In the first village we met a woman and her children. She was making a small mud hut for one of her children as a school project. In our conversation, I asked this woman if she had heard of Jesus Christ to which she promptly replied, "Yes." I asked her if she had a Bible, and she said that she didn't. In fact, she could not read, but one of her children could read. We were able to give her a Bible in their language thanks to LFTL (Light For The Lost). In a moment she stopped what she was doing and began to talk in her language. My interpreter told me that she said, "Someone comes and preaches to us and the light comes on. Then it is a very long time before anyone comes again. The light just goes out."

This woman was hungry. She was hungry to hear about God. She was hungry to know the ways of God. She was hungry for the light to keep burning. Few statements have moved me as much as this one. It seems to be embedded deep within my spirit, and I hear her words often.

She and her family were physically hungry as well. It has not rained in this area for a very long time. The men of the village have traveled many miles with their cattle and goats in order to find suitable grazing. The women and children are left to take care of their belongings and the village. We were also able to share maize meal with this family. Maize meal is much like cream of wheat in the USA. It is a staple food for most of Africa. Fredna gave biscuits (cookies) to all the young children and adults as well! Everyone likes a sweet!

The spiritual encouragement and maize meal was not much in light of the need, but at least the light was turned on for a time... then I suppose it will go out once again.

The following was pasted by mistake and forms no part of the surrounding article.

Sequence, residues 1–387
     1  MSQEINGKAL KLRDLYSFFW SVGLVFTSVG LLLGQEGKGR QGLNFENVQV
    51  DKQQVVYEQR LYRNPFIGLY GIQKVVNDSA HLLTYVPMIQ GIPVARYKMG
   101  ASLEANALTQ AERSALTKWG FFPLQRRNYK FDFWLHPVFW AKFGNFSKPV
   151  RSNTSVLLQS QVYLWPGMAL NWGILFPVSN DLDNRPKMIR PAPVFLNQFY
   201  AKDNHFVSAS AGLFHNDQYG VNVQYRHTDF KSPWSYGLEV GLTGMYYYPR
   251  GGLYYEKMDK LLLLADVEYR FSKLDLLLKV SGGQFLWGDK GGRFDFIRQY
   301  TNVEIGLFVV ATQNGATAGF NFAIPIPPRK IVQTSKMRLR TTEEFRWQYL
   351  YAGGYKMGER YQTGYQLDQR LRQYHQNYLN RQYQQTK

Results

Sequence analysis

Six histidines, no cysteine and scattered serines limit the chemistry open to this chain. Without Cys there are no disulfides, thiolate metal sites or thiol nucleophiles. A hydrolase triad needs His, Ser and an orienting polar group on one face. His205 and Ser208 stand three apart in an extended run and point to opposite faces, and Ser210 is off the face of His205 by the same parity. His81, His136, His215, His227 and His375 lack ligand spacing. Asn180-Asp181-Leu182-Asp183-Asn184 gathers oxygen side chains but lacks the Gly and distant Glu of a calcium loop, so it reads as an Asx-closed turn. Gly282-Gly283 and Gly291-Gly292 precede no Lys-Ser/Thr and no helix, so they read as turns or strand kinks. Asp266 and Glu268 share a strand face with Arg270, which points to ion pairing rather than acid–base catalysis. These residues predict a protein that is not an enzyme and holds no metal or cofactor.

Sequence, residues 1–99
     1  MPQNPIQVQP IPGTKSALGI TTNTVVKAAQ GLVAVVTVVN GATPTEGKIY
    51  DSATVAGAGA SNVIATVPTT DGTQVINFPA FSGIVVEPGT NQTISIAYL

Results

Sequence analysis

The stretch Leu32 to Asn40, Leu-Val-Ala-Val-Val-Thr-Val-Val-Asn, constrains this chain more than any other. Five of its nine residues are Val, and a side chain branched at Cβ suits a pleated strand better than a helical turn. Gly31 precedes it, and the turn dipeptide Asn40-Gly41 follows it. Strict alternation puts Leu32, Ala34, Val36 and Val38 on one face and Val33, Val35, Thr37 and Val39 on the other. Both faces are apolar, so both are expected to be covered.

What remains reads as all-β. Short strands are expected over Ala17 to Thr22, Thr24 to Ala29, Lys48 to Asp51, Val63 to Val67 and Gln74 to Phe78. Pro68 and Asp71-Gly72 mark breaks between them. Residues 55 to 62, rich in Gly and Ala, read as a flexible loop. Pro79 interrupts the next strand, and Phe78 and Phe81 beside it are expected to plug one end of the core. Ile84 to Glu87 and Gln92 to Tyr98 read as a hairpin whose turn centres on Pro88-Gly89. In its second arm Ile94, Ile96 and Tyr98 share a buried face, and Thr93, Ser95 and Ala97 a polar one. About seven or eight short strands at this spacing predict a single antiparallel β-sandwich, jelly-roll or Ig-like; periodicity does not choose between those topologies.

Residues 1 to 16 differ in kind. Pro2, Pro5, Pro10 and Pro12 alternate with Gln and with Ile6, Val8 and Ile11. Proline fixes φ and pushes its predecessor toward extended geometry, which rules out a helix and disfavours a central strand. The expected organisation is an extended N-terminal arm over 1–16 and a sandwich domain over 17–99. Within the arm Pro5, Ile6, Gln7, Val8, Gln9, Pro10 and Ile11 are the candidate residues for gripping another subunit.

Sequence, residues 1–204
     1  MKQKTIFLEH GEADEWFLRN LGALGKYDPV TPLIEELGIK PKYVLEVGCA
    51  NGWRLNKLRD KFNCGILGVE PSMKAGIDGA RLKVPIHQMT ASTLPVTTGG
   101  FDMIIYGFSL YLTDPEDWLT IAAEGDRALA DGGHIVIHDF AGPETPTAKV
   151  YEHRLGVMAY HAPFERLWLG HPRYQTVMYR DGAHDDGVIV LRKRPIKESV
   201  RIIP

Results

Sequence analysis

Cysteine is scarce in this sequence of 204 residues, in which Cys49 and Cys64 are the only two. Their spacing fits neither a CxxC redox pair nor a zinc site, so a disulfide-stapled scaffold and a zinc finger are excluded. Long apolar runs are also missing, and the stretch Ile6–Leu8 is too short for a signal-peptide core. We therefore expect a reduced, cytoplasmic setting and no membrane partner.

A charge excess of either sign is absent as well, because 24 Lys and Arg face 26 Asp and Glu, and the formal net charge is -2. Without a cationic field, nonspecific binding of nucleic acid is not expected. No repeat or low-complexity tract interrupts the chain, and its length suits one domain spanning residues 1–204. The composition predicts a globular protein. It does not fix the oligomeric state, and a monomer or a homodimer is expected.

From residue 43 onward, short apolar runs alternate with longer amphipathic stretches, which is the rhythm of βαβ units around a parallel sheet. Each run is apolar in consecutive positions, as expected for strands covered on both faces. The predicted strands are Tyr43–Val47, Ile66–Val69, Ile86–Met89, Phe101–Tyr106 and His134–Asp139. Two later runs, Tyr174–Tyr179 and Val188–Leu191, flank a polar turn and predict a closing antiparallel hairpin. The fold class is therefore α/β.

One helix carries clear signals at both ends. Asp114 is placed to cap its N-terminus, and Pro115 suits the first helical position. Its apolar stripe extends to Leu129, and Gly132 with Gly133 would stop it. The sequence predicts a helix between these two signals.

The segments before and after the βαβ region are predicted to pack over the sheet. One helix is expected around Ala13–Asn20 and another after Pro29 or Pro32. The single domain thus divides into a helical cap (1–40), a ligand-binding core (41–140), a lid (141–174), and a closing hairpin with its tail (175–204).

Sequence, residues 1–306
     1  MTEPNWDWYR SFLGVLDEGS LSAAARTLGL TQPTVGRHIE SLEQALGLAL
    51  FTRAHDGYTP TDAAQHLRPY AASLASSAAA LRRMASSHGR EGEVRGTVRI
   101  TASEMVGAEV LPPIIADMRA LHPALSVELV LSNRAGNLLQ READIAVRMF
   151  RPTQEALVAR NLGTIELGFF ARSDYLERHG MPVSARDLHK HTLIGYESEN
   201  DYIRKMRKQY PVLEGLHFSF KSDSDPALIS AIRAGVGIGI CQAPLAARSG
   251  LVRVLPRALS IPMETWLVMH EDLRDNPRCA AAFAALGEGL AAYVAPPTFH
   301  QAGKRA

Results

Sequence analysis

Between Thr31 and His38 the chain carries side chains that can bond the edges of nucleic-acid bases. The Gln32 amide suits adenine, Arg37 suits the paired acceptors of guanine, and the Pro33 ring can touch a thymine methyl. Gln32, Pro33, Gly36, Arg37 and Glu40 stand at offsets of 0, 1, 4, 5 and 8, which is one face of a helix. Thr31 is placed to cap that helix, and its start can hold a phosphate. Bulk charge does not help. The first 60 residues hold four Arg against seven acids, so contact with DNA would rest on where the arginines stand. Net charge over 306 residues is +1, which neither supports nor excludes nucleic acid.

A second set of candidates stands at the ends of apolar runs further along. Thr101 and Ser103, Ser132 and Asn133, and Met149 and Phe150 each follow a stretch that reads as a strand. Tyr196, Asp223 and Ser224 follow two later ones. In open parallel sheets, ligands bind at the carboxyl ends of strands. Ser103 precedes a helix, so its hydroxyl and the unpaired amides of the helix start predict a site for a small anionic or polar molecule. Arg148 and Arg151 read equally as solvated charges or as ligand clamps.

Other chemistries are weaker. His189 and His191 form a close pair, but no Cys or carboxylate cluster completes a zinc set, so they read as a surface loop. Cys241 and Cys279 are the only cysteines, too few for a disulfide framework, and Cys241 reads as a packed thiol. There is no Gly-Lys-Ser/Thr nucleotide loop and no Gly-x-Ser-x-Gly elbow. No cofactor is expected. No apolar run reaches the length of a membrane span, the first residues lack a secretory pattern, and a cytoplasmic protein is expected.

In the next village we ministered to this old woman and her granddaughter first. The grandmother could not turn her head. She had been to the town and was able to see a doctor, but she was still suffering. We shared the Word of God with her and prayer. She was grateful for both because she believed that God could heal her.

These two women in another village were both ill. The lady with Fredna had been in an automobile accident sometime in the past. She was having many problems with her legs and knees. She was the spiritual leader of this village and a believer in Christ. The lady seated beside me was also suffering from an illness. The white markings on her face are not tribal, rather some kind of medicine that she had put on sores. We prayed for both and shared maize meal as well.

On Sunday morning I preached in the church that one of our Bible school students pastors. This picture was taken of all those that accepted Christ during the service. People are hungry to hear the Word, and the Word does not return void!

Please pray for the Himba people. They are a beautiful group of people that God sent His son, Jesus, to die for. Many have heard, but many have not. Remember, it is only Good News if it gets there in time!